strung across his back
the bus leaves at 3
backpack on the other side..big French test today
laptop case in hand
Jim smiles at him, takes the backpack
grabs the Maine Studies duffel bag
3 days of clothes, extra shoes, sleeping bag, pillow, flashlight
3 days in the wilderness, camping, learning
this boy has such clarity about him
he will be somebody
my boys walk out the door, stop for a kiss
and some I love you's.
Into Dads truck
he forgot his coffee
I put on Jims big old work shoes and clod out the door
to anyone else, I would be scary looking
in my nightie and my wild hair, too-big shoes
to them I am welcome, they smile at my getup
another round of goodbyes.
Jim backs down the driveway, coffee in one hand
I see him turn to Jesse
and then they both laugh
and that is the sound I hear as they drive away
and I am alone in the house with the dogs and the cats and the smell of coffee
and breakfast to clean up
and a 19 yr old still sleeping
we will both work today
and then
babysitter, schools out
drive 2 hrs each way to see his game
Daddy cant go he has to work too late
Ciarra cant be out that late
so just me and Kristin will go
shes driving
mundane is beautiful sometimes.

Friday, September 12, 2008

Dear Mr Obama

God Bless the USA-and thanks for your service


Iraqis Displaced Inside Iraq, by Iraq War, as of May 2007 - 2,255,000

The U.S. Government has increased humanitarian assistance for displaced Iraqis from $43 million in 2006 to almost $200 million in the first half of 2008.

Since 2003, the U.S. Government has been the single largest contributor of humanitarian assistance for displaced Iraqis.

UNHCR estimates returns during the second half of 2007 and the first three months of 2008 to stand at 50,000 refugee returns and 60,000 IDP returns. UNHCR projects that overall in 2008, there will be 100,000 newly displaced, 100,000 refugee returns, and 120,000 IDP returns. UNHCR “Progress on Mainstreaming IDP issues in UNHCR and Global Work Plan for IDP Operations,” EC/59/SC/CRP.16 (June 2008), p. 23.

(that is 430 thousand returnees predicted, and this was compiled BEFORE the surge worked)

Iraqi Unemployment Rate - 27 to 60%, where curfew not in effect
NOTE ON NATIONWIDE UNEMPLOYMENT TABLE: Estimates of Iraq’s unemployment rate varies, but we estimate it to be between 25-40%.
The CPA has referred to a 25% unemployment rate, the Iraqi Ministry of Planning mentioned a 30% unemployment rate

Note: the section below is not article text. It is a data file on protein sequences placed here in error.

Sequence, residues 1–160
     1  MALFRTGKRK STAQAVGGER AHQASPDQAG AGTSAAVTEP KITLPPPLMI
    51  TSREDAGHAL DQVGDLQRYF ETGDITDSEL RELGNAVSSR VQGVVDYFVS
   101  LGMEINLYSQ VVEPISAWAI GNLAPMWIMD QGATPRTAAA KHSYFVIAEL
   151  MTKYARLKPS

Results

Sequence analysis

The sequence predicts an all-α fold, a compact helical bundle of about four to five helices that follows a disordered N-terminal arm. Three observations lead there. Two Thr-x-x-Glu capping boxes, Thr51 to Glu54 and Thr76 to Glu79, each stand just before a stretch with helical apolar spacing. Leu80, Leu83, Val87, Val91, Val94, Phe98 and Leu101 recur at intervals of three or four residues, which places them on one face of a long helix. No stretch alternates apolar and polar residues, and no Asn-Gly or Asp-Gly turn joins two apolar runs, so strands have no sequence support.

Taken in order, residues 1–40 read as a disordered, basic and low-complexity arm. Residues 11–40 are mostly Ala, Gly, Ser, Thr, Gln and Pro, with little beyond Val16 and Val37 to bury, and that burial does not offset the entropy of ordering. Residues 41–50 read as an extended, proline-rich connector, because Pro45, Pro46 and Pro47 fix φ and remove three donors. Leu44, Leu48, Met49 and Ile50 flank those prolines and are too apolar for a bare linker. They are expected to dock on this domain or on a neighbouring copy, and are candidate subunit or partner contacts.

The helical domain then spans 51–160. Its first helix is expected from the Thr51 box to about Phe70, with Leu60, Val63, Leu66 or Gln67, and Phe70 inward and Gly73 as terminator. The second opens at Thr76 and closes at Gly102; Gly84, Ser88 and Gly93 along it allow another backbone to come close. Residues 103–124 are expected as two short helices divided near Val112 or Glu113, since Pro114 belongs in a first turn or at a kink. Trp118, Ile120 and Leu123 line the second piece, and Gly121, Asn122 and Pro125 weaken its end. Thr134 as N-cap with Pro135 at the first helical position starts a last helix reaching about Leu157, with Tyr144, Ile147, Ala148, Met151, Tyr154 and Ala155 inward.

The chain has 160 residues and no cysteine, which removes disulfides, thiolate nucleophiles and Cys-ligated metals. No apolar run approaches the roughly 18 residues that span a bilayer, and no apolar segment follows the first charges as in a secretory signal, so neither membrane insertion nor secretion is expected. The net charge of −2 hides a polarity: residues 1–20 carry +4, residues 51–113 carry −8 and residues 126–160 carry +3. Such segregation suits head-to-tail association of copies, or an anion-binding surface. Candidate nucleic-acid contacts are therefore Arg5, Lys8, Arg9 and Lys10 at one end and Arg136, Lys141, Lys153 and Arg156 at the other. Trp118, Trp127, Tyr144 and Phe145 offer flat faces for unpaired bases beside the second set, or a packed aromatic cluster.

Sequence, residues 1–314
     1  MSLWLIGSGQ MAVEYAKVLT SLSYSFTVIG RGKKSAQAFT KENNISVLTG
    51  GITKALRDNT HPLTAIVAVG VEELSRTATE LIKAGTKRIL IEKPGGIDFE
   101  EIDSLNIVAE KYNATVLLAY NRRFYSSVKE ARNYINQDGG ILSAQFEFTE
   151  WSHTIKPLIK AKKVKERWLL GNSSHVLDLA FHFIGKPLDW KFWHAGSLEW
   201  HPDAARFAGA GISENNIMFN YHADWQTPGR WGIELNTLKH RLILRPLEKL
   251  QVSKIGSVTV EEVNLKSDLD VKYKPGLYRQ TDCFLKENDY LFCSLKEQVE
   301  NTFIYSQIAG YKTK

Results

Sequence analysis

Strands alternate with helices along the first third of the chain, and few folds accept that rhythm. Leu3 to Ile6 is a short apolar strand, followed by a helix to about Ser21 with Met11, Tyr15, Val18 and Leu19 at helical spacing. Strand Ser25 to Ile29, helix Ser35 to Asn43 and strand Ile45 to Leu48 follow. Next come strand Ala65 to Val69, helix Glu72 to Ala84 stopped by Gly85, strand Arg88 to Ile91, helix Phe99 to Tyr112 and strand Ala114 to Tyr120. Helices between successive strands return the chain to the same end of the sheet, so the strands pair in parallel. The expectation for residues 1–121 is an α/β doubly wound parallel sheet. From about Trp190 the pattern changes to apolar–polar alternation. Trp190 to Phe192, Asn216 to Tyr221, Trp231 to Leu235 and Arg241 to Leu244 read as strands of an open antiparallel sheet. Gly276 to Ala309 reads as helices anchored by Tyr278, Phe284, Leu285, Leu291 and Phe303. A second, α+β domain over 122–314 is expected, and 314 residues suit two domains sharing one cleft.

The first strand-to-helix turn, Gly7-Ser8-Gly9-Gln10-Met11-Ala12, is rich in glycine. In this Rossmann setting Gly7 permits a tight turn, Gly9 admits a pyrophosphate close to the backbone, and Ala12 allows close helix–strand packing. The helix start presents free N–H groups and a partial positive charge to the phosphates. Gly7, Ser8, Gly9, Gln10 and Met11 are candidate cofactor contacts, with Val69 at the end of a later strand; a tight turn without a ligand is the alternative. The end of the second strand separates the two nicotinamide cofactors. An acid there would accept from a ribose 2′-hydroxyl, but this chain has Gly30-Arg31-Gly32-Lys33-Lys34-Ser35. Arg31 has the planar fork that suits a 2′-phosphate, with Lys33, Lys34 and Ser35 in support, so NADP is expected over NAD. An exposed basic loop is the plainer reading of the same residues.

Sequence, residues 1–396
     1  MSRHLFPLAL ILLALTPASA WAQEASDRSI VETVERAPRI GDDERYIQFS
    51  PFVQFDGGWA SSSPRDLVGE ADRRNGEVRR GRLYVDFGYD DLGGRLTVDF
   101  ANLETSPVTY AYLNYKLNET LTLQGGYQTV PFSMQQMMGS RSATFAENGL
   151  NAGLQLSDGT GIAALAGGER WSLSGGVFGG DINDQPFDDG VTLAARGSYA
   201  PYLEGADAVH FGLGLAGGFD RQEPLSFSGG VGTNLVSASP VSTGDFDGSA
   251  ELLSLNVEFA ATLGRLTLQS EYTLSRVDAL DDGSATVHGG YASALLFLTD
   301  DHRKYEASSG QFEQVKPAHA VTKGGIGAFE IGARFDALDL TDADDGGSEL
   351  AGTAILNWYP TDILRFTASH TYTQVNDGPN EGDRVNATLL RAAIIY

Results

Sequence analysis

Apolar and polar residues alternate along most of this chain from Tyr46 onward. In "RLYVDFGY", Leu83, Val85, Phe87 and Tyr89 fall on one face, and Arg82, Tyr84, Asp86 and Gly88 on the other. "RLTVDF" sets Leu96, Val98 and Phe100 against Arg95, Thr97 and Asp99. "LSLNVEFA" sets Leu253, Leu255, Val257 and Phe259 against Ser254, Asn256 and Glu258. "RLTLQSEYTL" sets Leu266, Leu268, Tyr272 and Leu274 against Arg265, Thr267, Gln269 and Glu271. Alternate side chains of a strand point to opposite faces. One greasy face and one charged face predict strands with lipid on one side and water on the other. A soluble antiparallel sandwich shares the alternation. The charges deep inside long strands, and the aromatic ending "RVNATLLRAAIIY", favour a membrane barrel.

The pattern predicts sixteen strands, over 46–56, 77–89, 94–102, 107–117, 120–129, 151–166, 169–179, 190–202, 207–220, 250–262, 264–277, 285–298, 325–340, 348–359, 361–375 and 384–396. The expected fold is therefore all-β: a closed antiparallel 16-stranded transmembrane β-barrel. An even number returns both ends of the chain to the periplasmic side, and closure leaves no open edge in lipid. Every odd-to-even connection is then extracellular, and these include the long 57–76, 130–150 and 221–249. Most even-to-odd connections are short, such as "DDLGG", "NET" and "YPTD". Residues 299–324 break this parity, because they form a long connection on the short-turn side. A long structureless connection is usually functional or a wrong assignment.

(lower than June of 03, incidentally)

Consumer Price Inflation in 2006 - 50%
06? This is 08. Inflation is down, considering the war is being won. Try using current "facts". ANY country mid war will be high.
2007 and 2008 Real GDP Growth projections are provided by the authors and disagree with the figures released by the
IMF and World Bank of 14.4% and 12.9% growth, respectively

Inflation and unemployment rates in Iraq have subsided recently due to procedures taken by the government, announced Iraqi Finance Minister Bayan Jabr Al-Zubaidi.

He told reporters Thursday that the reduction in unemployment rate could be attributed to the investment sector contribution to the government's budget, adding that the rate went down from 70 to 20 per cent.

On the reduction of inflation rate, the Iraqi minister indicated that the Finance Ministry's policy to increase bank interest rates as well as boosting the rates of exchange for the Iraqi dinar over the US dollar led to this outcome.

The inflation rate went down from 66 to 20 per cent according to the Ministry of Planning while the Iraqi Central Bank affirmed that rates went down further more, reaching 16 per cent, Al-Zubaidi added.

Iraqi Children Suffering from Chronic Malnutrition - 28% in June 2007 (Per, July 30, 2007)

these are old figures, and frankly, with oil revenues of 6.07 BILLION dollars this year alone, thats up to them to fix. We arent the answer to every problem. Under Saddam Hussein's regime, Iraqis' standard of living deteriorated rapidly. In nominal terms, Iraq's per capita income had dropped from $3,800 in 1980 (higher than Spain at the time) to $715 in 2002 (lower than Angola).

Percent of professionals who have left Iraq since 2003 - 40%

Iraqi Physicians Before 2003 Invasion - 34,000 Iraqi Physicians Who Have Left Iraq Since 2005 Invasion - 12,000

Some 8,000 physicians, most of them specialists, have abandoned jobs at government health centers since the U.S.-led invasion in 2003, most seeking refuge abroad and a few hundred heading to the relative safety of Iraq's Kurdish region. Many ran from a violent campaign by extremists and crime gangs that targeted Iraq's elite.

Iraqi Physicians Murdered Since 2003 Invasion - 2,000

Figures on how many doctors have fled since the 2003 US-led invasion have not been made available by the Ministry, but earlier this year it said 618 medical employees had been killed, including 132 physicians
UN Office for the Coordination of Humanitarian Affairs

At the same time 40 per cent of the professional class has left since the invasion.

TV, however has flourished. before the war there were no commercial TV stations in Iraq. By March 2006 there were 54.